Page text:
Grannie (1971)

As someone who remembers the days before the internet was available to the public, I am still often amazed by how much easier it has become to access rare recordings. Once upon a time, if a certain obscure album only had a single pressing of, say, 100 copies, way back in a year like, say, 1971, then there seemed to be little or no possibility of the album ever being obtainable by almost anyone. Before the digital age, physical media was usually the only way to hear such an album -- and what were the odds of getting one's hands on an album as obscure as that? It was highly unlikely that you would find such an album in a record store, and even if you did, why would you have any interest in purchasing a recording that was so unknown? It was equally unlikely that such a record would get played on a radio station, even a hip college station or anything like one, except maybe in the artist's home town. Would homemade cassette tapes have circulated? Probably only within a small community, if at all. Before we had access to websites like Discogs or eBay, there were few resources that enabled record hunters to peruse record store inventories on a global level. And even if we could, a record like the one I'm describing would simply be overlooked by most people -- if, in fact, any record store in the world did have it available for sale. And the concept of listening to an album online, by way of a contemporary device? That was hard to even imagine back then.

So...imagine how amazed -- and grateful -- I am that it is now possible to stumble upon the existence of such an album simply by using a computer! The album I am referring to in this case is the self-titled album by an unknown U.K. rock band called Grannie, who recorded only one 1971 album, which only had about 100 copies pressed (basically serving as their demo) -- and then the band broke up. If not for the internet, evidence of that album's existence would probably have disappeared long ago from the face of the earth.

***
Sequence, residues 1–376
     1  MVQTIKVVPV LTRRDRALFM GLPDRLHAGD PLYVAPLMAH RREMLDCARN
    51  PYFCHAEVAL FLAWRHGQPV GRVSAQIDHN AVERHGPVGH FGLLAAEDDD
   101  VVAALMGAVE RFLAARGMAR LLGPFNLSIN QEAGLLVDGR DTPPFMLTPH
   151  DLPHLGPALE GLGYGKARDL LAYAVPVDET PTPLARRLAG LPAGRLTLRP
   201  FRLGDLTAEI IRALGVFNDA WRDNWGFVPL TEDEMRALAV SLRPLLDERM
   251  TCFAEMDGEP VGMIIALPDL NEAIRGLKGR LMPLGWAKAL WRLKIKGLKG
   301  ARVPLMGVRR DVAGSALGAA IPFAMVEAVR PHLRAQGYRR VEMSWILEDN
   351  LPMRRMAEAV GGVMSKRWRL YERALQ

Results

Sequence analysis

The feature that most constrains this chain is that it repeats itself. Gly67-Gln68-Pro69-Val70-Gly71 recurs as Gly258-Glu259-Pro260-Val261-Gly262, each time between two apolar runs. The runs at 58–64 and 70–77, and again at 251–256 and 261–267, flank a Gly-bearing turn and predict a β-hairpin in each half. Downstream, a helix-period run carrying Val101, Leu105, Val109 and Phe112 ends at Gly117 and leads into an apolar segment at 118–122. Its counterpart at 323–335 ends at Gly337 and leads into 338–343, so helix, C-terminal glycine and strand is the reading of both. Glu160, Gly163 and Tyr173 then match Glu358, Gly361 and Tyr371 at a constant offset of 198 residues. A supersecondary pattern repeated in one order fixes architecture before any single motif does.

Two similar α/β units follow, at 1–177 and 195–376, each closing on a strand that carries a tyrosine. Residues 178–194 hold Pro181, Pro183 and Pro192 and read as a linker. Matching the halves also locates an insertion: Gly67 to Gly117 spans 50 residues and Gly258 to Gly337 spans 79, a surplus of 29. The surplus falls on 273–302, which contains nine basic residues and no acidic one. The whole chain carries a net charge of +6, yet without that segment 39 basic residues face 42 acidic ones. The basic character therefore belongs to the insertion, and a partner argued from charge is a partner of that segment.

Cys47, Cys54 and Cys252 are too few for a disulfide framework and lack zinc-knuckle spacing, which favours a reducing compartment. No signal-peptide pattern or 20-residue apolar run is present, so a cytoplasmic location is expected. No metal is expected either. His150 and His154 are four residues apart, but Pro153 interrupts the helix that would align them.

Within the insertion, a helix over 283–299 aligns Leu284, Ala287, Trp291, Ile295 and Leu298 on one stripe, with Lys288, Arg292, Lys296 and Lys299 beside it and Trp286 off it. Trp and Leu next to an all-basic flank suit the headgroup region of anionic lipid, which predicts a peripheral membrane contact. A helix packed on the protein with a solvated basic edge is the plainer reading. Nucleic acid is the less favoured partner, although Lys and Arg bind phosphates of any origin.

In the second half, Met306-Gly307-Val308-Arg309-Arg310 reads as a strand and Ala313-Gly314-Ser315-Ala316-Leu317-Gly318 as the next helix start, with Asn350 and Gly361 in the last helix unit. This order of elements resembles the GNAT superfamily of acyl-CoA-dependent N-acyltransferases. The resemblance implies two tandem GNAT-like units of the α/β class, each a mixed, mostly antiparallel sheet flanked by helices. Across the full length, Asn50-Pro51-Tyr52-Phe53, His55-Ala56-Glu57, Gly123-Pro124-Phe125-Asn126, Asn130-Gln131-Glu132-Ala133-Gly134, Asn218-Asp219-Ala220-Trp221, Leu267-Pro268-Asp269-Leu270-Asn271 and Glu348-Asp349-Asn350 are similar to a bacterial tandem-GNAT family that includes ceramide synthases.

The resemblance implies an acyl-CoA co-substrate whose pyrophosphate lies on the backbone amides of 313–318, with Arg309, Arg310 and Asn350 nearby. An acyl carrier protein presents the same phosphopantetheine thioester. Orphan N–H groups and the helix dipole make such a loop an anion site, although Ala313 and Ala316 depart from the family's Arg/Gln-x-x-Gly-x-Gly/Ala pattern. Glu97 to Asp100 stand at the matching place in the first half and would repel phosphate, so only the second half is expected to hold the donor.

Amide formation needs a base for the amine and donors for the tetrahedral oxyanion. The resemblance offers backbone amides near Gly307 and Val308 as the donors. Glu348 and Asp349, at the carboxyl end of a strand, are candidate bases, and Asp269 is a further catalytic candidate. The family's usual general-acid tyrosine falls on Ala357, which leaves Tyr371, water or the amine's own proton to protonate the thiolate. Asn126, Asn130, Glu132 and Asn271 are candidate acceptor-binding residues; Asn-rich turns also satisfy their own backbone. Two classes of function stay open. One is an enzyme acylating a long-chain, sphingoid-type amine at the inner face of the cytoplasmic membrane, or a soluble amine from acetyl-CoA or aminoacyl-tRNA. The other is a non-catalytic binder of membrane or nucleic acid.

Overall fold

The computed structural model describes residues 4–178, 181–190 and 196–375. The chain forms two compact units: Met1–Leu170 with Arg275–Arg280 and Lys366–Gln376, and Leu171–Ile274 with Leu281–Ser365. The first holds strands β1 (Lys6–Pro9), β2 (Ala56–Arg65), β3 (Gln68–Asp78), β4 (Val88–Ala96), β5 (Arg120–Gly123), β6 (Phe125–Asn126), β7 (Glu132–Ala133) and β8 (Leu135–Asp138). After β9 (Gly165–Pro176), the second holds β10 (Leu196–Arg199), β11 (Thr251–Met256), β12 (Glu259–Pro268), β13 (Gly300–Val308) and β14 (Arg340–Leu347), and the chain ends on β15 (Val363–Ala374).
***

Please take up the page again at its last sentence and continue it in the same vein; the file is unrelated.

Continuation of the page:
Grannie was a four-man, one-woman band formed by lead guitarist Phil Newton (who wrote the six long tracks on their self-titled album) and bassist Dave Holland. Their sound was a guitar-driven brand of progressive rock that was influenced by other styles of the time period, often reminiscent of Cream, King Crimson, and CS&N -- sometimes all in one song. The flute playing by Jan Chandler (Newton's wife-to-be) often gave the low-budget recording a slightly otherworldly quality, especially on "Romany Refrain" and "Dawn". The band also had a distinctive vocalist in Fred Lilley. The nine-minute closing track "Coloured Armageddon" is given added color by keyboards. Reportedly recorded live-in-the-studio in just one 8-hour session, Grannie is a rough prog-rock pearl that is worth digging up over a half-a-century later.

Grannie - Grannie

Grannie "Grannie" (S.R.T. SRT 71138A) 1971

Track Listing:

1. Leaving
2. Romany Refrain
3. Tomorrow Today
4. Saga Of The Sad Jester
5. Dawn
6. Coloured Armageddon